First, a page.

Inspired Reverend follows in the footsteps of soldiers for milestone

Reverend Paul Critchley playing the role of  Rev (Maj) Christopher Chavasse in Brothers in Arms multimedia production

Reverend Paul Critchley playing the role of Rev (Maj) Christopher Chavasse in Brothers in Arms multimedia production

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Turning 40 brings with it new life challenges but for Reverend Paul Critchley it was an emotional and gruelling test as he lined up with a group of adventurers to walk 100km of the Western Front from France to Belgium raising funds for soldiers and their families.

The superintendent minister for the North Fylde Circuit of the Methodist Church took three days to complete the Frontline Walk for the ABF Soldiers’ Charity

Rev Paul Critchley has recently completed the Frontline Walk for the ABF Soldiers Charity, The walkers crossed the finished line at the Menin Gate in Belgium with the Ceremony of the Last Post.

Rev Paul Critchley has recently completed the Frontline Walk for the ABF Soldiers Charity, The walkers crossed the finished line at the Menin Gate in Belgium with the Ceremony of the Last Post.

His journey to date has helped raised over £5,300 and the dad-of-three boys, says he has been “absolutely amazed” with the support.

Paul says it was his wife Jo who challenged to take on something for his birthday after she was challenged by a friend who works for the soldiers’ charity to take part in the London Marathon for her 40th birthday, which she did successfully.

Proud of his own achievement Paul described the walk as the “most emotional, physical and challenging thing I’ve ever done.”

The group started at the Lochnagar Crater in France. That was created by an explosion at 7.28am on July 1, 1916, signalling the start of the Battle of the Somme.

Superintendent minister for the North Fylde Circuit of the Methodist Church from Poulton Rev Paul Critchley

Superintendent minister for the North Fylde Circuit of the Methodist Church from Poulton Rev Paul Critchley

The walkers crossed the finished line at the Menin Gate in Belgium with the Ceremony of the Last Post.

The Battle of the Somme was one of the largest battles of the First World War, with more than one million soldiers wounded or killed.

It has been hailed as one of the bloodiest battles in human history.

Paul says it was a privilege to follow in the footsteps of the soldiers and walk alongside a number of veterans of the services and their families.

Having first met the group at Wellington Barracks in London, he says: “We met two coaches of strangers.

“There were veterans, soldiers, air force, navy and people whose families had been impacted by the war

“But by the end of it we were all really good friends. “Everyone had their own individual story.

“The opportunity to share with one another and the honesty with which our life’s stories were shared was incredible to be a part of.

“The care and concern one showed to another was amazing.

“We laughed and cried together - sharing our sorrows and joys with an openness which we imagined was similar to those from the Great War in whose footsteps we were following.”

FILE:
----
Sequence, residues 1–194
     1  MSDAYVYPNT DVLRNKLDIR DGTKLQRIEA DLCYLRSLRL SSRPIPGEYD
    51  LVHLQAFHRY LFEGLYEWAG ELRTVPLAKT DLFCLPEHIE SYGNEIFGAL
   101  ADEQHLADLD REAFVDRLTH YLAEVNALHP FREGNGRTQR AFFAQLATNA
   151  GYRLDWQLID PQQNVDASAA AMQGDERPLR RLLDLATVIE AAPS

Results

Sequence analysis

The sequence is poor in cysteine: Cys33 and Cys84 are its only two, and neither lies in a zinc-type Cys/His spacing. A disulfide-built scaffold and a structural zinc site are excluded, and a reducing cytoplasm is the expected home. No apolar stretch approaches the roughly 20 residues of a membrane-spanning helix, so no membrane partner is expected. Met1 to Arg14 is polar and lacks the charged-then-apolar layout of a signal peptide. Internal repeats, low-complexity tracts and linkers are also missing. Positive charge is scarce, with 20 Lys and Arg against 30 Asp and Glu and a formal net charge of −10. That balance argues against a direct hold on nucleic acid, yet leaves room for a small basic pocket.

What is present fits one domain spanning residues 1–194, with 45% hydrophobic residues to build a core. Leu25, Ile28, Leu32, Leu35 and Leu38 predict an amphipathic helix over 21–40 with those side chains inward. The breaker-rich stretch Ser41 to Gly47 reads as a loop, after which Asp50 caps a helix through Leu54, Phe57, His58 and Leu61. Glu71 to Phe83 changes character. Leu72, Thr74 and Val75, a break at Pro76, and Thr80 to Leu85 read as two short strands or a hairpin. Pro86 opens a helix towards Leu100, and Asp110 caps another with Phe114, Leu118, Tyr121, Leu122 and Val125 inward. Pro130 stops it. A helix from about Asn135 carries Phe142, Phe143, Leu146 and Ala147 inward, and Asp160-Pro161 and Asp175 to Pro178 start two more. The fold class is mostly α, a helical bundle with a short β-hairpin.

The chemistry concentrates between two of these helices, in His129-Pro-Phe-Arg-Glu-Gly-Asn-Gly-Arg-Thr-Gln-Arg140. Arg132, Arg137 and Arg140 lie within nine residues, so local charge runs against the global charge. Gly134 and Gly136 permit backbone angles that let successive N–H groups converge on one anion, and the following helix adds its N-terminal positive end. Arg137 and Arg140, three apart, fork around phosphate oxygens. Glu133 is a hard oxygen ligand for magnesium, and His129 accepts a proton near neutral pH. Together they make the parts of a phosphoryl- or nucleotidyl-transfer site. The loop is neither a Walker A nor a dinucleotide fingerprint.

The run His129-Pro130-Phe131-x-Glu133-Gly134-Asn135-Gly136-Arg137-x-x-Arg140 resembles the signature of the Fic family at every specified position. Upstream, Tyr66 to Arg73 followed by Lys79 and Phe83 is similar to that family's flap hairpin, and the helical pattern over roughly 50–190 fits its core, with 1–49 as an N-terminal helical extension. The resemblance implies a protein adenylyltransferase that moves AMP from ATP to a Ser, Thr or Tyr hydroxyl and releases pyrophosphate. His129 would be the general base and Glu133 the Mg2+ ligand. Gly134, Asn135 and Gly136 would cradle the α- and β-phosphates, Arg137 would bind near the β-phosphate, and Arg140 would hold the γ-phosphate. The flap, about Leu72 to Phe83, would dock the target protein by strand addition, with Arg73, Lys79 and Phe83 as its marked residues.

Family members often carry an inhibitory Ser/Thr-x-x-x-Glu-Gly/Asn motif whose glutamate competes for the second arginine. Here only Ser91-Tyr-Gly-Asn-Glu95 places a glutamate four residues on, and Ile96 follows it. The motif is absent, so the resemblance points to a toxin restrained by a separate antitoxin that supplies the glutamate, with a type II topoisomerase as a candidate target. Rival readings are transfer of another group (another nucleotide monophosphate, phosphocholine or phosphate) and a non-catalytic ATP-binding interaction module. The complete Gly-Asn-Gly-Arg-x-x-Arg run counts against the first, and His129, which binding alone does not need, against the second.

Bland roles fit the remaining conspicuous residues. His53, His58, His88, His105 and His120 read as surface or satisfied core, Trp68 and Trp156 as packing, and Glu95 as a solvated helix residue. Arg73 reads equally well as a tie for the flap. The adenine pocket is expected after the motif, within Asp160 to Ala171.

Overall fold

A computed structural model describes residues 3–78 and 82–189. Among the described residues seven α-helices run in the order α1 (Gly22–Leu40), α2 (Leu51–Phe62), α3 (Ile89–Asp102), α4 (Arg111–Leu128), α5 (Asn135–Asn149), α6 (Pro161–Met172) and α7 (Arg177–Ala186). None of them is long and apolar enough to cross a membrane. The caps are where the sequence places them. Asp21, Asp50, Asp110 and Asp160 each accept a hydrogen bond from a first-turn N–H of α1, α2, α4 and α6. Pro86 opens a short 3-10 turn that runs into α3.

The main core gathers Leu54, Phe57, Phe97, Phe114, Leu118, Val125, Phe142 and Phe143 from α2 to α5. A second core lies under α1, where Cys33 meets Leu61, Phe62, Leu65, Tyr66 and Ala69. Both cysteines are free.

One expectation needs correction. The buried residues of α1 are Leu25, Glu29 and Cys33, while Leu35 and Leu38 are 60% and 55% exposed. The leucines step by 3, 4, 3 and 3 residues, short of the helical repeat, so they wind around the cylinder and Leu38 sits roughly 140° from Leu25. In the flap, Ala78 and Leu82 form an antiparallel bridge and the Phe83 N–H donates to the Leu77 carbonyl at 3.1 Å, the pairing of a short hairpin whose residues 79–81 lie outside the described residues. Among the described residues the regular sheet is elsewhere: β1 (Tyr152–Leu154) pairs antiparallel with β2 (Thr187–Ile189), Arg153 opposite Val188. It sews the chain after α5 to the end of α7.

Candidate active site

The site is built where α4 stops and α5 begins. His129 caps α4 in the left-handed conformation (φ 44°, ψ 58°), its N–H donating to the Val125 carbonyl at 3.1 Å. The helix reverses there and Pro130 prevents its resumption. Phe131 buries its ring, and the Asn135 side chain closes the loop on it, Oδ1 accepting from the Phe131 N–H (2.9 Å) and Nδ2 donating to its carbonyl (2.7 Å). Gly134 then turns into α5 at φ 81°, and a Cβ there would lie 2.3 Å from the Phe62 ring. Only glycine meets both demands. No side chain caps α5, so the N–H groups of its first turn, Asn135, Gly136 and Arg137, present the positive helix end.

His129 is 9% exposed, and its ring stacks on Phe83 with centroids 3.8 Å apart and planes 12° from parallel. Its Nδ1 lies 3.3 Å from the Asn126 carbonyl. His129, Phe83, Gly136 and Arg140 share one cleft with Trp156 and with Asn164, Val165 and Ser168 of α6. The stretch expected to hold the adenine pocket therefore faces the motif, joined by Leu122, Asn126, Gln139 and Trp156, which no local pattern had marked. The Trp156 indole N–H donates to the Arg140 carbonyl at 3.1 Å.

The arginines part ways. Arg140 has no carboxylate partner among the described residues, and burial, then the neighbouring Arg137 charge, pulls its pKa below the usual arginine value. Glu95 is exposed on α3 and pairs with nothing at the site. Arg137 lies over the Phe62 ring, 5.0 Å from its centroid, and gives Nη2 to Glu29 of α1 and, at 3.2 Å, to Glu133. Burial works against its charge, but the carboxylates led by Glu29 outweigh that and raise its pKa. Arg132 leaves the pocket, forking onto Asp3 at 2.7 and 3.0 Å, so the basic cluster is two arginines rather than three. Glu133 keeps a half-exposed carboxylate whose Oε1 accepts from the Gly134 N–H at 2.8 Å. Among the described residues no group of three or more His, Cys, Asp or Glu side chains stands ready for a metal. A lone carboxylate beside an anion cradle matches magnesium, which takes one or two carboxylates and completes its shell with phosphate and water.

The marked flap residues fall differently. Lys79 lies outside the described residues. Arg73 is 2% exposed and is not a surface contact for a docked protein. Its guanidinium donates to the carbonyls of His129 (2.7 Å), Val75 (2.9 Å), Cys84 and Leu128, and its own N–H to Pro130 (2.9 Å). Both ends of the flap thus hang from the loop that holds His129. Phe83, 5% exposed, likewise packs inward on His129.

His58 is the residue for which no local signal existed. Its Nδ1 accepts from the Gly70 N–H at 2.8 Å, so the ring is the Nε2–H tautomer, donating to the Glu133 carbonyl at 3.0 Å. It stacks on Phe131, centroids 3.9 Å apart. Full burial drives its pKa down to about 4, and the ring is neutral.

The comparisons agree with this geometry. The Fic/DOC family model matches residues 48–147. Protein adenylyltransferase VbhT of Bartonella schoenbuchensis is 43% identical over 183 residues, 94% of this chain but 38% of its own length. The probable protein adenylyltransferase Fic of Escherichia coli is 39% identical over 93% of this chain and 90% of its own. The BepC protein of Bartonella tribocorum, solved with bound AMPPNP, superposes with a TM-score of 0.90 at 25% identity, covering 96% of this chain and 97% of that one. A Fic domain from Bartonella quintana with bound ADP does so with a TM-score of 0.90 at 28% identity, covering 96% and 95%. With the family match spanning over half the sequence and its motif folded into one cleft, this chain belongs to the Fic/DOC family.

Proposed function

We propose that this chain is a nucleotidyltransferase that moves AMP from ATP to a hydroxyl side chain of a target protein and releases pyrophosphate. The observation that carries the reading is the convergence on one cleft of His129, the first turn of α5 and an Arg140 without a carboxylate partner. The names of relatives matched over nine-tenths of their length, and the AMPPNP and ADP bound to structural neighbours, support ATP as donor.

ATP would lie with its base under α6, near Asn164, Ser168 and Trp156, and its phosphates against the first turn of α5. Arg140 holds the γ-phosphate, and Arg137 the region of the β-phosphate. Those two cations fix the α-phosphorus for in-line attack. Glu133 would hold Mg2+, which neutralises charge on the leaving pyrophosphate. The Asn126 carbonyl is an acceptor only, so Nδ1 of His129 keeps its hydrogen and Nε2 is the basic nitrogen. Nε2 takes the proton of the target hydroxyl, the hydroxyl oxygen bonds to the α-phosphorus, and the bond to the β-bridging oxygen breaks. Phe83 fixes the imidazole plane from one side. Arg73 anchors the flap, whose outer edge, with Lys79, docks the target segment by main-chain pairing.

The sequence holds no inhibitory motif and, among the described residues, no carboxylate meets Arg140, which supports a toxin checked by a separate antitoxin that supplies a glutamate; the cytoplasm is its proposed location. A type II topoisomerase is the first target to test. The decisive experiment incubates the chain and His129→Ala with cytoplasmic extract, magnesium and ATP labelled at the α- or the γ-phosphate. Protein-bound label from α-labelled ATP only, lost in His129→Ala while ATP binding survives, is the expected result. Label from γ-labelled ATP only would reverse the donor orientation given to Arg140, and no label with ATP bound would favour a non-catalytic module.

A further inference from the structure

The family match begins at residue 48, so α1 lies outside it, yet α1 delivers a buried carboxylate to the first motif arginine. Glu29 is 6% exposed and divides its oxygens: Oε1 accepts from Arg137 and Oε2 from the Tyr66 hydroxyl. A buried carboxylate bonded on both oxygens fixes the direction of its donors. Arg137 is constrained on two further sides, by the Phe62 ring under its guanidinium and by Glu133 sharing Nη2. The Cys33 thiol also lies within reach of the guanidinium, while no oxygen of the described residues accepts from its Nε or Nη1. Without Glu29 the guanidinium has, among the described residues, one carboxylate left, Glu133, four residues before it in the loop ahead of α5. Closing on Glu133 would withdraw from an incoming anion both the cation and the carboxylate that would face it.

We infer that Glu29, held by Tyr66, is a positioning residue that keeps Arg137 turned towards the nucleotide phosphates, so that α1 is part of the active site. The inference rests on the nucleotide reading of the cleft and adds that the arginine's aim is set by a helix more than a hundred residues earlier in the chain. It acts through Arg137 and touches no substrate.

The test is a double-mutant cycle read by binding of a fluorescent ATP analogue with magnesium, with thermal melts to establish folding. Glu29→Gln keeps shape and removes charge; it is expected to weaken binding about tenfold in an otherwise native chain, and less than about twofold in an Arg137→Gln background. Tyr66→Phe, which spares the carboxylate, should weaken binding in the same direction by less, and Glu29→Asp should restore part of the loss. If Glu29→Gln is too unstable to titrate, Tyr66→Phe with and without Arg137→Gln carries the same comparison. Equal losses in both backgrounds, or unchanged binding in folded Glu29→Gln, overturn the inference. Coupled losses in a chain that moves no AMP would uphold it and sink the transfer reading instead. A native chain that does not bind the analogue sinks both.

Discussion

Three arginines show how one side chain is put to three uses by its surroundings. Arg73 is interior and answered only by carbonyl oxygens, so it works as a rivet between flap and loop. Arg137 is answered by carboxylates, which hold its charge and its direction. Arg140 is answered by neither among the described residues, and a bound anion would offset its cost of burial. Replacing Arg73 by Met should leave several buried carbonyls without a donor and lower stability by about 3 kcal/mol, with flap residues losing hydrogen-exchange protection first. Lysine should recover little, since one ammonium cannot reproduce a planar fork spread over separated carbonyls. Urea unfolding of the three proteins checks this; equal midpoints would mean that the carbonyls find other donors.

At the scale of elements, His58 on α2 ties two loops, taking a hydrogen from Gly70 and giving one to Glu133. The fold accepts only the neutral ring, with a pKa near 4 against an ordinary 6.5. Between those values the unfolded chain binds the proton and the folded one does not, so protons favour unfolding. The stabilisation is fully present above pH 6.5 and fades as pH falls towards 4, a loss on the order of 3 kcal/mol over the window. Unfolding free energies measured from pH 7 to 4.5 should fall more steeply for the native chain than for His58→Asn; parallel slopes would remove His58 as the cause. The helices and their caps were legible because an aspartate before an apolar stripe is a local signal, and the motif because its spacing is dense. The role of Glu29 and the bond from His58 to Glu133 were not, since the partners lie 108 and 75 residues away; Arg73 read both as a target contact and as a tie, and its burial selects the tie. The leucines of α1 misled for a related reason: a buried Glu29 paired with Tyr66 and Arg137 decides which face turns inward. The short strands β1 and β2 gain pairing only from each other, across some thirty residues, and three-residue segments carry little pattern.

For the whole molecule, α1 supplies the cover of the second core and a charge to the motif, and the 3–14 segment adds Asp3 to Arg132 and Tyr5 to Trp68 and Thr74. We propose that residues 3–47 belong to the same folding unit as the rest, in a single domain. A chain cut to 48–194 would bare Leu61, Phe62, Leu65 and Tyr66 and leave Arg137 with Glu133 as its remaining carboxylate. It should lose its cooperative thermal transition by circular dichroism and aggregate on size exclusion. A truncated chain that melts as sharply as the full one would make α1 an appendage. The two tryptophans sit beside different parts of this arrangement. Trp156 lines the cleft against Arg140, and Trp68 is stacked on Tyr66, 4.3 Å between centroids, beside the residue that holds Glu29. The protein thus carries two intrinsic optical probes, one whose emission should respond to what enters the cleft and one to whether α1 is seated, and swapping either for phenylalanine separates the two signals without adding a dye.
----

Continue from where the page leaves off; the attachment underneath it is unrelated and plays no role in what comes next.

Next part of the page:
Paul says he started his training for the walk back in January.

“At first I started on short walks and really got stuck into after Easter - I walked over 200 miles throughout the training process.”

“I knew I had to get over the mental blockage so once I’d walked 20 miles two weeks before, I knew I was going to be fine.”

Prior to the walk, a member of his congregation conducted research at a Poulton Church, finding a memorial plaque dedicated to Geoffrey Potts who fell in WW1.

During the walk, Paul was able to pay his respects to Pott’s gravestone at Wancourt British Cemetery.

“I was really taken back by the amount of headstones that were there - over 50 thousand.

“Finding Geoffrey’s headstone I had a bit of a meltdown and then I payed my respects and gave him a prayer to say thank you for his services.”

Paul’s effort has been further spurred on through his involvement with an event called “Brothers in Arms” - a multimedia production telling the story of the First World War through the eyes of the Chavasse twins, which he says holds a “special poignancy”.

He adds: “This a joint project with Lancashire Methodist district and Blackburn Diocese which looks at the lives and service of Noel and Christopher and Shavasse.

Noel served as a medic in World War 1 and is one of only three soldiers to be awarded the Victoria Cross twice and did not survive the war and is buried in Belgium. Chris was a chaplain who survived and went on to become Bishop of Rochester.”

Originally from Helsby, Cheshire, Paul was minister at Pilling Methodist Church for nine years until becoming the superintendent for the eight north Fylde Methodist churches of Pilling, Knott End, Poulton, Thornton, Anchorsholme, Cleveleys, Fleetwood and Bispham.

ABF The Soldiers’ Charity gives a lifetime of support to soldiers and former soldiers from the British Army, and their immediate families, when they are in need.

It makes grants to individuals through their Regiments and Corps and supports a wide range of specialist charities that sustain the British Army ‘family’, both at home and around the world.

The charity has been going since 1944, working with veterans of every conflict.

Anyone wishing to support Paul’s effort visit www.justgiving.com/fundraising/critchyboy76 or write a cheque to ABF The Soldiers’ Charity and sending to Rev Paul Critchley, Poulton-le-Fylde Methodist Church, Queensway, Poulton, FY6 7ST.